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Charles Lang Freer (18541919) moved to Detroit in 1880, where he made a fortune manufacturing railroad freight cars. Together with his friend, neighbor, and business partner, Col. Frank J. Hecker, Freer established Michigan Car Works in 1880. Hecker and Freer merged Peninsular Car Works with the Michigan Car Company to create Michigan-Peninsular Car Company in 1892. The two men masterminded a merger of thirteen frieght car companies, including the Michigan-Peninsular Car Company, forming the American Car and Foundry in 1899.

Beginning in 1887, Freer amassed a spectacular collection of contemporary American art and older Asian art, with a particular focus on works by James McNeill Whistler. Freer was a pioneering collector of Eastern art including paintings, sculpture, prints and ceramics from the Middle East, India, Korea, China, and Japan. He was particularly interested in searching for harmonious aesthetic relationships between art of different cultures, mediums, and periods.

The Freer House is a masterpiece of American shingle-style architecture, built in 1892 to the specifications of noted Philadelphia architect Wilson Eyre. Additions were constructed in 1906, 1910, and 1913 to accommodate Freer's growing art collections. Considered one of Eyre's premier works, the house is Michigan's finest example of the shingle style. Working with Eyre and artists such as Thomas and Maria Oakey Dewing and Dwight W. Tryon, Freer designed and decorated his home to serve as setting for his interest in art.

Freer's art collections remained in the Freer House until his death in 1919, when they were transferred to the Smithsonian Institution. Today they can be seen at the Freer Gallery of Art, prominently located on the National Mall, in Washington, D.C. Freer Gallery at the Smithsonian.

The Peacock Room was one such masterpiece that Freer deeded to the nation after his death. In 1876, Frederick R. Leyland, a wealthy ship owner from Liverpool, England, commissioned James McNeill Whistler to decorate his dining room, resulting in a brilliant and moveable set of panels. Purchased by Charles Lang Freer in 1904, the room was then installed in the Carriage House on the grounds of the Freer House. Watch this short video to see how Freer curated the room with his beautiful ceramics. Upon Freer's death, the Peacock Room was once again dismantled and reinstalled at the Freer Gallery of Art, Smithsonian Institution, Washington, D.C., where it is on permanent display. The room in the Freer House, where the Peacock panels once inhabited, is now used as an exhibition and meeting space. Want to take a virtual tour of the beautiful Peacock Room as seen in the Freer Gallery of Art? Explore the Peacock Room as it looked in London in 1876 and in Detroit in 1908. Use the virtual tours to look at the room and its contents. Then use the map and timeline features to learn more about the places and faces associated with the Peacock Room!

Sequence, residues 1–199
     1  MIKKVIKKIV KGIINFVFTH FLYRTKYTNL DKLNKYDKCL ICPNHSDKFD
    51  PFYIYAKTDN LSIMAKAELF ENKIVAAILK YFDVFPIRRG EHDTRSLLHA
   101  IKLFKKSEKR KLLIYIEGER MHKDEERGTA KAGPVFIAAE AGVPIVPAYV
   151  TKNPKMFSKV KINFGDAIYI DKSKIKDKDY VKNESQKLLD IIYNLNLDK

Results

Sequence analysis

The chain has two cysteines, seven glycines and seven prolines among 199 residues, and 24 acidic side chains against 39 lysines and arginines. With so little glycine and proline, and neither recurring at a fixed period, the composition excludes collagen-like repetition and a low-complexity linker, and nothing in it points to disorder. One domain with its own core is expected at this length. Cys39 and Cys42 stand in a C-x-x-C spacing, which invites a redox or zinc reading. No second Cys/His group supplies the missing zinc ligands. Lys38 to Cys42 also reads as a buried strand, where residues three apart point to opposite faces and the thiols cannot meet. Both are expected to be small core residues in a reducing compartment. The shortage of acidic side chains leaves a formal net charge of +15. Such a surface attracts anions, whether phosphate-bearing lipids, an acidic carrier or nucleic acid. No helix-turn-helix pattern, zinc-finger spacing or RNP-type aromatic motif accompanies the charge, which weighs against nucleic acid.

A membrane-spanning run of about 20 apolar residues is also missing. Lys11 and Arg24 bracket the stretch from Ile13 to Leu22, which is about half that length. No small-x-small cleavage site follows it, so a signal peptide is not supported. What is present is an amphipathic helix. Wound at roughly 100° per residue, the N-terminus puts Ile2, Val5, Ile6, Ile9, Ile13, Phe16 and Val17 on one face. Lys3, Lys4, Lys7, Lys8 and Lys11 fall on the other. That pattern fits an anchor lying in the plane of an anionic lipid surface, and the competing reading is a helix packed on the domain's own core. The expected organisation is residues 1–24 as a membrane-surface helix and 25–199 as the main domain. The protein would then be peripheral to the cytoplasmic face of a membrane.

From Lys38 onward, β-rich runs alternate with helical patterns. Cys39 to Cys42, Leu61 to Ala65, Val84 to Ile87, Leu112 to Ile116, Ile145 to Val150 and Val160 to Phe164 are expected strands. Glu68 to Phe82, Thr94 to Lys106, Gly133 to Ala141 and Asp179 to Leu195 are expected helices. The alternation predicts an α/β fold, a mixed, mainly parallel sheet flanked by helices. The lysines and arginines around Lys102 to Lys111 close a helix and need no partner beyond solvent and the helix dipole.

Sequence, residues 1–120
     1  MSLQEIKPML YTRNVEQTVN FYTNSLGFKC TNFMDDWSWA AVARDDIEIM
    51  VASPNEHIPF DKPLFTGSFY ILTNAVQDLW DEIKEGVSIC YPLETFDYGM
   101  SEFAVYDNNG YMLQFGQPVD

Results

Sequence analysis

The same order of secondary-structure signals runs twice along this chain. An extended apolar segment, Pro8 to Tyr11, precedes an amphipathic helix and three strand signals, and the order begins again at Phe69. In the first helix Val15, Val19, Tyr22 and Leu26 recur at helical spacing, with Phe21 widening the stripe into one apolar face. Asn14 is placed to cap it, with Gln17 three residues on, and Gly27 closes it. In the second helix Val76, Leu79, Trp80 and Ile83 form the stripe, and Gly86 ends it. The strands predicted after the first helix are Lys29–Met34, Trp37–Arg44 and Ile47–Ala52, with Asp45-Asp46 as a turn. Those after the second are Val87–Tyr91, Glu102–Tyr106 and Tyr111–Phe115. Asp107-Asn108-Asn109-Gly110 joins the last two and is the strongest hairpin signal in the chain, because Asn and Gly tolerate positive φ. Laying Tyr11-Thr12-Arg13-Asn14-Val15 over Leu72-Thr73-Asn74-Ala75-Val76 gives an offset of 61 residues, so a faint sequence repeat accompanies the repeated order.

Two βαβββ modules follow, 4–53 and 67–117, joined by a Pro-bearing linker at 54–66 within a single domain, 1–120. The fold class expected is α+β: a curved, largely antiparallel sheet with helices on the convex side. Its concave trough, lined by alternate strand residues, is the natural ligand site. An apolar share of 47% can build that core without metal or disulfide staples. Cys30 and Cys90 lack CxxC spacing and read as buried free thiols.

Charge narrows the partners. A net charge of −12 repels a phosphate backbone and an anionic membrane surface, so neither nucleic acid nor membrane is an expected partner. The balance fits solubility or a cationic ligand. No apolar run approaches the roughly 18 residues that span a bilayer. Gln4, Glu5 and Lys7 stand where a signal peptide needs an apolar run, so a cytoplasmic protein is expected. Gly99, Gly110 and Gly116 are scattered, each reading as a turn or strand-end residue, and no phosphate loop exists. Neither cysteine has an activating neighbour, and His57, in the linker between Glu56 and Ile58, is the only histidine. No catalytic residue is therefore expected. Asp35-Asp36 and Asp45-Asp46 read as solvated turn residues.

Freer was a significant leader in the Detroit arts community, fostering its growth. He was an active supporter of the Detroit Museum of Art (today's DIA), the Detroit Society of Arts and Crafts (today's College for Creative Studies), the Detroit Club and the University of Michigan. He also championed Mary Chase Perry, founder of Pewabic Pottery, and commissioned Pewabic tiles and vessels for his home.

In 1920, the Freer House became the home of the Merrill-Palmer Institute. Today, the Freer House is the location for MPSI/WSU faculty offices and meeting room facilities. The Freer House is open periodically to the public for tours. Contact Rose Foster for the next open tour date at rmfoster@wayne.edu or 313-664-2509. 

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